Several retailers said they beat the average Thanksgiving weekend web sales spike, pegged at 22% by comScore. By contrast, bricks-and-mortar spending fell 2.7% during ...
IBM’s WebSphere Commerce 7 supports mobile and social commerce
With the WebSphere Commerce 7 e-commerce platform released yesterday, shoppers can use a synchronized shopping cart across conventional and m-commerce sites.
With the WebSphere Commerce 7 e-commerce platform IBM Corp. released yesterday, shoppers can use a synchronized shopping cart across conventional and mobile commerce sites, says Errol Denger, director of business and product strategy for WebSphere Commerce. Retailers can coordinate marketing across web sites, mobile phones and social networks, he adds.
“We’re enabling large and small retailers to deliver an optimal branding experience, whether it’s on the web or mobile commerce device,” Denger says. “This is being driven by our clients who are saying they don’t want their mobile commerce channel to be separate.”
The overall idea, he says, is to help retailers connect with customers however shoppers want to buy online. Shoppers with a web-enabled mobile phone, for example, will be able to browse an online store built on WebSphere Commerce 7, conduct side-by-side product comparisons that a retailer makes available, and make an instant online purchase. Delivery can be to the shopper’s home or, if the retailer has integrated its store systems into its e-commerce platform, for pickup at a store. Shoppers would also be able to use their mobile phones to check the availability of desired inventory in the retailer’s nearest store and upload directions before opting for in-store pickup.
WebSphere Commerce 7 also supports new levels of personalized marketing, Denger says. For example, retailers will be able to use it to design merchandising and marketing campaigns that make product offers based on such behavior as the average number of product reviews a shopper is known to post each month. Shoppers who are prolific review writers have been known to spend more online than shoppers who don’t write reviews, Denger notes, making them prime candidates for a retailer’s offers.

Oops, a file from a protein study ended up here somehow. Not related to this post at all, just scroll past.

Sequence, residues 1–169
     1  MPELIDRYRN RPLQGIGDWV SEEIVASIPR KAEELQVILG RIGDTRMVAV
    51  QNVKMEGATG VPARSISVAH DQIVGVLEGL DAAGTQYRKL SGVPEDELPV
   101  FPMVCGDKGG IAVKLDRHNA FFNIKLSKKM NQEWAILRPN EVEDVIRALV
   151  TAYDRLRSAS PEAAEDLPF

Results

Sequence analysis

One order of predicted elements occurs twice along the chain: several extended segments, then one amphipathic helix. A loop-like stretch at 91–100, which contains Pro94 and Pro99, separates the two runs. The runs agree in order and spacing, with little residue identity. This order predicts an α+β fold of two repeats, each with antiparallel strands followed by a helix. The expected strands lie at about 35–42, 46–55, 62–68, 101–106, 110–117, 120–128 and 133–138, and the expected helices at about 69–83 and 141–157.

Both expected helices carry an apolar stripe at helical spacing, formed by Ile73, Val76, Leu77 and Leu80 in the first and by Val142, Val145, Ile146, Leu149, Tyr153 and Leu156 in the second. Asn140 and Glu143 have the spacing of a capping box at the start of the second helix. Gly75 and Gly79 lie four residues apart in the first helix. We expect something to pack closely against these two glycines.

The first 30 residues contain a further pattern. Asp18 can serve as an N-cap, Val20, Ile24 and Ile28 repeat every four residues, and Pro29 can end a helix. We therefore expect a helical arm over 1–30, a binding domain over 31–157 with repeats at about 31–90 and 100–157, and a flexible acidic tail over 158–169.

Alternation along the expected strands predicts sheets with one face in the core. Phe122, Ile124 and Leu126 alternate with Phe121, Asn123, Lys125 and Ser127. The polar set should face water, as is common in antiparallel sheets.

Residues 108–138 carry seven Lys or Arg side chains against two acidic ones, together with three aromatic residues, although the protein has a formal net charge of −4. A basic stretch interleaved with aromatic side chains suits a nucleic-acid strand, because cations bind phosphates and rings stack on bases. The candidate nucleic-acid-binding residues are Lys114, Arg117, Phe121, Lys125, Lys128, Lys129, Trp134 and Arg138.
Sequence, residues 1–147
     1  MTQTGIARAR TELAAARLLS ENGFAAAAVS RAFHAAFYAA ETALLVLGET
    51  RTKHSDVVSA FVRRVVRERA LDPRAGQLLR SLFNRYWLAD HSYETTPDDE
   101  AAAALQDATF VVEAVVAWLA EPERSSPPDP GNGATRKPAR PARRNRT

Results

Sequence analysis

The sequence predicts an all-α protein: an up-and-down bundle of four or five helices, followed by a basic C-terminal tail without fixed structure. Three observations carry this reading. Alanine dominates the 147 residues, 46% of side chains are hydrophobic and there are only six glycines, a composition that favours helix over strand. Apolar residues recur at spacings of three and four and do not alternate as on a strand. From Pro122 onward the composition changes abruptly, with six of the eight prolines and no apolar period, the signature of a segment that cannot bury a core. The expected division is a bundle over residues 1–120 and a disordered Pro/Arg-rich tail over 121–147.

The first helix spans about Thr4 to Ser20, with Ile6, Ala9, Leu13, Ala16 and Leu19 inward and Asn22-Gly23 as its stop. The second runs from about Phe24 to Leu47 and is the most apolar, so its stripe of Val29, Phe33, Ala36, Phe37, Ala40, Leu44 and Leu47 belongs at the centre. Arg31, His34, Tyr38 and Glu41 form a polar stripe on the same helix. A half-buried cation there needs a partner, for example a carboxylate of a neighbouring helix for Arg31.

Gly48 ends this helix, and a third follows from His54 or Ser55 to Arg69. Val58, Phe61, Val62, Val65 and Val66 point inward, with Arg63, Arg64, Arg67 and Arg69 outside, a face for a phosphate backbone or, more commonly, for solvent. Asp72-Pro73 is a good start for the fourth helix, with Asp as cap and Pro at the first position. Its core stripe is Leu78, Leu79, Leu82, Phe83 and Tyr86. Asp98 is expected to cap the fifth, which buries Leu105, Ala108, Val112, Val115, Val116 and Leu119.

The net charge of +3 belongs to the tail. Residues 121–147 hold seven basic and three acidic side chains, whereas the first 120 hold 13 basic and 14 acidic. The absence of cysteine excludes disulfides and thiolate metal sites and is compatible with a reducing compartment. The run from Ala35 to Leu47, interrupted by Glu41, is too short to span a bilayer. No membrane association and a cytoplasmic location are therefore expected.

In another example, he says, an offer could be triggered by the type of social networking site a shopper was on before arriving at a retail site. If a shopper came from a Facebook or Google search page about Harley-Davidson touring-style motorcycles, for instance, a retailer using WebSphere Commerce 7 could present her with a customized landing page based on the particular interests expressed on that Facebook or Google page.
Although other e-commerce technology companies are integrating mobile commerce into their platforms, IBM stands out with a platform that also strongly integrates with store point-of-sale terminals and kiosks, says Nikki Baird, managing partner with research and advisory firm Retail Systems Research LLC. “When enabling a cross-channel strategy, WebSphere Commerce can now better become a cornerstone in a multi-leg strategy,” she says.
“IBM is making an important investment in extending their commerce platform to enable mobile commerce natively with their product,” says Brian Walker, senior analyst for e-commerce at research and advisory firm Forrester Research Inc. “As consumer use of mobile and smart-phones to research and buy across channels increases rapidly, businesses are responding. By tying the m-commerce solution directly to the commerce engine it will decrease management and marketing expense while opening up cross-channel shopping and research opportunities.”
But the market may also continue show a need for technology companies that specialize in just m-commerce, he adds. “As use of different mobile platforms evolves and smart-phone applications become more effective it may prove challenging for platform providers to support the complexity of developing for Apple’s iPhone/iPod, the Google Android platform, and Research in Motion’s Blackberry-leaving room for specialized firms to also support this emerging channel and integrate with the platform providers.”
IBM is still in the early stage of cross-channel technology development, the company says. In June it announced a five-year, $100 million research initiative to improve mobile commerce services worldwide. “Advancements in mobile devices are reshaping the way customers interact with brands, expanding beyond mere information exchange to true online commerce,” IBM said in announcing WebSphere Commerce 7. “Increasingly, the beneficiaries of this growth are online retailers.”